Organisation says gambling partnerships crucial to clubs surviving during Covid-19.
- Over UK£40m a season paid by gambling sector to EFL and its clubs
- UK government set to review betting advertisements and sports sponsorship deals
- Main source of EFL club income ‘turned off’ due to matches being played behind closed doors
The English Football League (EFL) insists revenue generated from the gambling industry for the professional soccer clubs under it watch in the second, third and fourth tiers “is as important now as it has ever been”.
The league said its relationship with betting firms is under ‘constant review’, but remains vital to its member clubs in surviving the coronavirus pandemic.
An EFL statement read: ‘Through a highly visible awareness and education campaign, the EFL and Sky Bet work together to promote responsible gambling, with players from all three divisions wearing sleeve badges to encourage supporters to consider how they gamble and 70 per cent of the sponsor’s matchday inventory dedicated to safer gambling messaging.
‘With over £UK40 million a season paid by the sector to the league and its clubs, the significant contribution betting companies make to the ongoing financial sustainability of professional football at all levels is as important now as it has ever been, particularly given the ongoing impact of the Covid-19 pandemic which is leaving many of our clubs living on a financial knife edge.’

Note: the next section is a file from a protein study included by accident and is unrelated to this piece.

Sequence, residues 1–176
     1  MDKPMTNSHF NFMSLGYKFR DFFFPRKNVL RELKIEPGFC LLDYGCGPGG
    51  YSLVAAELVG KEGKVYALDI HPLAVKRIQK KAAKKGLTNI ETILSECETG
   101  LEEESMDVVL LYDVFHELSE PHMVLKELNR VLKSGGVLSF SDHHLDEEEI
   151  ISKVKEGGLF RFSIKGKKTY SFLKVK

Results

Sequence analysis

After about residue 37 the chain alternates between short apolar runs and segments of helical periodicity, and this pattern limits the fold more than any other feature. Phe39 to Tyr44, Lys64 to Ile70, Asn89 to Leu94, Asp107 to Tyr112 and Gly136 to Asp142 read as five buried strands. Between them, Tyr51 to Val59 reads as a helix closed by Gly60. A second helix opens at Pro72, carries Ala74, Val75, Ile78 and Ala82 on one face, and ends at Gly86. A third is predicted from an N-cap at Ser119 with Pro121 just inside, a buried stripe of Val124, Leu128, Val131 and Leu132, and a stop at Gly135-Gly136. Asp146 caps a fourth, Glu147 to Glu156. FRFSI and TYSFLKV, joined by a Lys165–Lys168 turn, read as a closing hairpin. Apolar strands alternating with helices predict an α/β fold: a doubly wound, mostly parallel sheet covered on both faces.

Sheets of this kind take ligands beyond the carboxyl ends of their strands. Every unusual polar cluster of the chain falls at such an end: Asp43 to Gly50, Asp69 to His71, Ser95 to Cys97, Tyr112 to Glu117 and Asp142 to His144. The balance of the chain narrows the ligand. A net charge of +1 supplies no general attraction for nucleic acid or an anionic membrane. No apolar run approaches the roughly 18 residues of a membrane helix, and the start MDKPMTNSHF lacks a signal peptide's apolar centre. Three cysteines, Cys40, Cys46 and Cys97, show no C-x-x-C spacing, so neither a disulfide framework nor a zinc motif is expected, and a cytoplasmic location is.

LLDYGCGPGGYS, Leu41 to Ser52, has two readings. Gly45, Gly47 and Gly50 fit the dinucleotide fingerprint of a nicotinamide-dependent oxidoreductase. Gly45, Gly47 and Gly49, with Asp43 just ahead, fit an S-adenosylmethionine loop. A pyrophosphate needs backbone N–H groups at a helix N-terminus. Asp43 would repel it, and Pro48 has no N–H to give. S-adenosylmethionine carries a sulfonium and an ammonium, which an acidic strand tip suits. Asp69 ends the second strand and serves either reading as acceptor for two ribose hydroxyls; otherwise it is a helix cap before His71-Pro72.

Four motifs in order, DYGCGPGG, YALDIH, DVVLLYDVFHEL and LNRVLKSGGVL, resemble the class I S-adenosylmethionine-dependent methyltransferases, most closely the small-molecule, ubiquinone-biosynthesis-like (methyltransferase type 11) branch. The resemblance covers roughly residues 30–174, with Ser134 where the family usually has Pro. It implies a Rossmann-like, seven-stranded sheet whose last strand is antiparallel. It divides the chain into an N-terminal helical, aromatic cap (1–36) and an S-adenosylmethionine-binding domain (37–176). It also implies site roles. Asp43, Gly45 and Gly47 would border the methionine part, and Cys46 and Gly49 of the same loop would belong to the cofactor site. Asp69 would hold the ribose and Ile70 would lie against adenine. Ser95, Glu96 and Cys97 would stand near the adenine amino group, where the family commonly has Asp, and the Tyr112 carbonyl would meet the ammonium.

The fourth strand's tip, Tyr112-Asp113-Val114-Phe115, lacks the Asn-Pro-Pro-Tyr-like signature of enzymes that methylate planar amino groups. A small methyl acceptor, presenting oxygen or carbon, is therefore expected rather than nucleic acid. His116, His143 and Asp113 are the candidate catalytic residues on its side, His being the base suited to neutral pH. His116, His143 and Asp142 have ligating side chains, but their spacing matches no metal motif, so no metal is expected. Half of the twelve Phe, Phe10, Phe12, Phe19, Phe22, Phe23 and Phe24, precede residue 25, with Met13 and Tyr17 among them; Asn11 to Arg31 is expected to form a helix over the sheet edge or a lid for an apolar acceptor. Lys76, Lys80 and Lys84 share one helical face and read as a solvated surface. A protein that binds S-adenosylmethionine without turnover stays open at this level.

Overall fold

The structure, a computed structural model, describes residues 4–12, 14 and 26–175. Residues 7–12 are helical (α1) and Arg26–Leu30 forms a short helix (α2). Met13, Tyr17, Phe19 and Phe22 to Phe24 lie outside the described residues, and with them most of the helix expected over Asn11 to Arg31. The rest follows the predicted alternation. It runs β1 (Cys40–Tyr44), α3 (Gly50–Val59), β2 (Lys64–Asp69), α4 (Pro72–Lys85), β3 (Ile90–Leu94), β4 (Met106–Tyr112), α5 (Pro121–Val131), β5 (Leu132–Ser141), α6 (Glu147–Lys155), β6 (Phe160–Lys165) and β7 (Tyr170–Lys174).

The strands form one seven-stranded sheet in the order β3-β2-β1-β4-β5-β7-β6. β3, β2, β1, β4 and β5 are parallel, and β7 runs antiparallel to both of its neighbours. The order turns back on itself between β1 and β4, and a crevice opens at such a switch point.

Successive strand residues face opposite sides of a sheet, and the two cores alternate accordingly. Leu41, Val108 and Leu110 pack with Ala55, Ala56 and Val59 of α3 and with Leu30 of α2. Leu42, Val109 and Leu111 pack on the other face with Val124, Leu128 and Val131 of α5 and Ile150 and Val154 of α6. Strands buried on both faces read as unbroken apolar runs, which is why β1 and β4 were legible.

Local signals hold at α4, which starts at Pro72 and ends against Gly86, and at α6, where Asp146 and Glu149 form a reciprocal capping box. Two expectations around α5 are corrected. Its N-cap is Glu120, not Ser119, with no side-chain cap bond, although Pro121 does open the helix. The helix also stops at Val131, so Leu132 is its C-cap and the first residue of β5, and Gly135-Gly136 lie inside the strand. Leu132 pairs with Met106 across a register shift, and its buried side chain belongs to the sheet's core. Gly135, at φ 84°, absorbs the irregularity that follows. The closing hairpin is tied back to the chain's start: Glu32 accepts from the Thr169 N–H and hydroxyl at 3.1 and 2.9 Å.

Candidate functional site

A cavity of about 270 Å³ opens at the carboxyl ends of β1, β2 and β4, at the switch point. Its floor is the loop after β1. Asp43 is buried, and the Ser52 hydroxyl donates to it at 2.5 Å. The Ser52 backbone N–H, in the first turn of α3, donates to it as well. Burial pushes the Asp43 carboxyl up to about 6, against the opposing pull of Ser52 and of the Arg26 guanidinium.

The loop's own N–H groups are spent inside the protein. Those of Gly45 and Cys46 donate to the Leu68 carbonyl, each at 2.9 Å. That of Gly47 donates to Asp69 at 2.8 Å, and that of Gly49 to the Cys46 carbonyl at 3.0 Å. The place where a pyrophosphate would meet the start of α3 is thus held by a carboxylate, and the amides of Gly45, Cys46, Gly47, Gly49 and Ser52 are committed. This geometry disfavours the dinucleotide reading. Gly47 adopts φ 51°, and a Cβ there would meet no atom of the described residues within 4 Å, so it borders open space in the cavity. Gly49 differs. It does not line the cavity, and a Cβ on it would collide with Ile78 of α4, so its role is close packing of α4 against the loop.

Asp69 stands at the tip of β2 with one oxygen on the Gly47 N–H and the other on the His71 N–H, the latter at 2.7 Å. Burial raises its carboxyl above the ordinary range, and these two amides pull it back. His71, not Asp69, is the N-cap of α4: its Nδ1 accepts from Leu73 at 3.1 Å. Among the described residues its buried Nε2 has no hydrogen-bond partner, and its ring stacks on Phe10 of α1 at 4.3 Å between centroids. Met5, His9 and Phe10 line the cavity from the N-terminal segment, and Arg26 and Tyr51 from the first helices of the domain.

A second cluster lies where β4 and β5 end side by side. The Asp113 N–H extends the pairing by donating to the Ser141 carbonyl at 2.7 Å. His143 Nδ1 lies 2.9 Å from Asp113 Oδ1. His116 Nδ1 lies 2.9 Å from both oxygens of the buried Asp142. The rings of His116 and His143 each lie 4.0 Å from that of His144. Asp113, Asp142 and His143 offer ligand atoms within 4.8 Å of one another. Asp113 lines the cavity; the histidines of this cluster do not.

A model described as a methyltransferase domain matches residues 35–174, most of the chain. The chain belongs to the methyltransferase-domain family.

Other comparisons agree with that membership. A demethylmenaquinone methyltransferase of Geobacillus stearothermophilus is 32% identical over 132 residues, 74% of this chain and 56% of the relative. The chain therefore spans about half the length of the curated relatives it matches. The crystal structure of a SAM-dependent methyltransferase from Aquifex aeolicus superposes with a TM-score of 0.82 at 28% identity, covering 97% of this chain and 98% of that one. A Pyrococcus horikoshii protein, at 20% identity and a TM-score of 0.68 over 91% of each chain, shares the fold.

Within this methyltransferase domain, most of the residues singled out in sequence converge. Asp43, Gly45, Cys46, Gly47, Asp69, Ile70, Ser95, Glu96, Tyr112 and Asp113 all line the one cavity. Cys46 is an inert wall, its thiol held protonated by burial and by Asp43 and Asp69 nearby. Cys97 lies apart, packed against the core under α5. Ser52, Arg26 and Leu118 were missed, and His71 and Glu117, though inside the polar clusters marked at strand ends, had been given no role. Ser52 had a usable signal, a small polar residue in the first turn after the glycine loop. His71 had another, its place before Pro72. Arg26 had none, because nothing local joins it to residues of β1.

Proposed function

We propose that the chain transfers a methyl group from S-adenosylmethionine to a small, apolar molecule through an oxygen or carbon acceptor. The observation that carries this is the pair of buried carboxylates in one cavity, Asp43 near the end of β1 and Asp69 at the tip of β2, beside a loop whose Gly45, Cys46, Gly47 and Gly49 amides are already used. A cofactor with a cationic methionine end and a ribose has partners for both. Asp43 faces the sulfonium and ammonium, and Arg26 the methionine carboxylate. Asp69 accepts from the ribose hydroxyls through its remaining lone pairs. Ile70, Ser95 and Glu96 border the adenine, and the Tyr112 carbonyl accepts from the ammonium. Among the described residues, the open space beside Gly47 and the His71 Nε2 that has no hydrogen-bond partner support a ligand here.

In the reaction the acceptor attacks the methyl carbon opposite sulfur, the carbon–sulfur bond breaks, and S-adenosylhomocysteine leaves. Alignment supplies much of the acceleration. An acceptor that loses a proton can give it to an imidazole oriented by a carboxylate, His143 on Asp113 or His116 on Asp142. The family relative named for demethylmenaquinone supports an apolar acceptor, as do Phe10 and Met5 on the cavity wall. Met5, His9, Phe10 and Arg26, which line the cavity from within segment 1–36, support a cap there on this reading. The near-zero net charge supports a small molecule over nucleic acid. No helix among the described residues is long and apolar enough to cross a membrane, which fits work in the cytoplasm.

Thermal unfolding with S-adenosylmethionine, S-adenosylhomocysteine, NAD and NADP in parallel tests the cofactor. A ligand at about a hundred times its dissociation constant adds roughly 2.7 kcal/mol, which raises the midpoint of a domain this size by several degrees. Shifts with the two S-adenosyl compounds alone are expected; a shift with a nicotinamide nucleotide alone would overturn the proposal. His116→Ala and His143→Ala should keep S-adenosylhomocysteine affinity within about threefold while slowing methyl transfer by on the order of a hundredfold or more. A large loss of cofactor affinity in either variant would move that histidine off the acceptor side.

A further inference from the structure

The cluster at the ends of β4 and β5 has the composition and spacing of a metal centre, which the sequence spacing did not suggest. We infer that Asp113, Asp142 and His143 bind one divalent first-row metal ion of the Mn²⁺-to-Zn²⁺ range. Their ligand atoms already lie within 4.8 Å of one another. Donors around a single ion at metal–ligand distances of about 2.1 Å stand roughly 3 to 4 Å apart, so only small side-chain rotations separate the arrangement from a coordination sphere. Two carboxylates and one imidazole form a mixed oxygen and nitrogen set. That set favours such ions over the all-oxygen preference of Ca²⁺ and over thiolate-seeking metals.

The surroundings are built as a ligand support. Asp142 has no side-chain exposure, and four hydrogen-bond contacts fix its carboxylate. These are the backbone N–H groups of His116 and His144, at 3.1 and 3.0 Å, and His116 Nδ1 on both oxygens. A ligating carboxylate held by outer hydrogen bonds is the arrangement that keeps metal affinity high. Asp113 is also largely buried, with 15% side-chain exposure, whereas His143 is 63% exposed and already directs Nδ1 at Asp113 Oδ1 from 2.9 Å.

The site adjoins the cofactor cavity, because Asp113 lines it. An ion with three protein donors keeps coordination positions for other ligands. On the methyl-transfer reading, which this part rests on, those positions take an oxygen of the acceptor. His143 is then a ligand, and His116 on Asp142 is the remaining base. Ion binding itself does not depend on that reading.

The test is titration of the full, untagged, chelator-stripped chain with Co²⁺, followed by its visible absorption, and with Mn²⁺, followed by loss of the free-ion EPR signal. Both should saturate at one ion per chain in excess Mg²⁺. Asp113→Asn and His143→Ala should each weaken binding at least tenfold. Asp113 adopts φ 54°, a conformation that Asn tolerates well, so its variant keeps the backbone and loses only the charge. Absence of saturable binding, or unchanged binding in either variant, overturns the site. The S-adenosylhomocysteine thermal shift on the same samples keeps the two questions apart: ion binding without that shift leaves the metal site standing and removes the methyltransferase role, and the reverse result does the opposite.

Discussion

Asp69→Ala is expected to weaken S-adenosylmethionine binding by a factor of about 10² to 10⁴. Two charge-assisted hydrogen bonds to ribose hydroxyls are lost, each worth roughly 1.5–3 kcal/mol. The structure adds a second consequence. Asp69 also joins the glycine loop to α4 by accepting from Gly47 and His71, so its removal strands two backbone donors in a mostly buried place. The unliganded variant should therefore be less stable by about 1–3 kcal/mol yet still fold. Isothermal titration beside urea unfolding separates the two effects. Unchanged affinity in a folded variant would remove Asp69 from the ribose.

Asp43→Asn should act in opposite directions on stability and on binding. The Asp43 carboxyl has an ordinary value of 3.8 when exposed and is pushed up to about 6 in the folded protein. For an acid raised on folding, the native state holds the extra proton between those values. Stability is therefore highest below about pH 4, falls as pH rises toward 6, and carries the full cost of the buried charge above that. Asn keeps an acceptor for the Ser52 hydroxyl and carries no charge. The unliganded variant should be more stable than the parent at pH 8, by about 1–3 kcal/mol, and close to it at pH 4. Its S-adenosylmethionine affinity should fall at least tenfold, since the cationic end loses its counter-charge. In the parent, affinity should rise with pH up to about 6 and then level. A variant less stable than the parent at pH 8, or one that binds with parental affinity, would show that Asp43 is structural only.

The EFL said its member clubs contributed ‘almost UK£500 million annually to the Exchequer’, while their main source of income had been ‘turned off’ due to matches currently being played behind closed doors.
The government has yet to provide a roadmap to allow the safe return of fans to stadiums when other sectors were able to ‘welcome people through their doors’, the EFL said.
‘The inconsistency is frustrating and perplexing,’ the governing body added. ‘Our approach in respect of gambling sponsorship is under constant review and the league will also contribute to any call for evidence by the government as we seek to protect an important and vital income stream for our membership in a time of financial crisis.’
The EFL statement comes as a review of gambling advertisements and sports sponsorship deals is set to be at the heart of the biggest shake-up of the UK’s gambling laws in 15 years.
Oliver Dowden, the culture secretary, will next month launch a call for evidence – the first step towards overhauling the 2005 Gambling Act.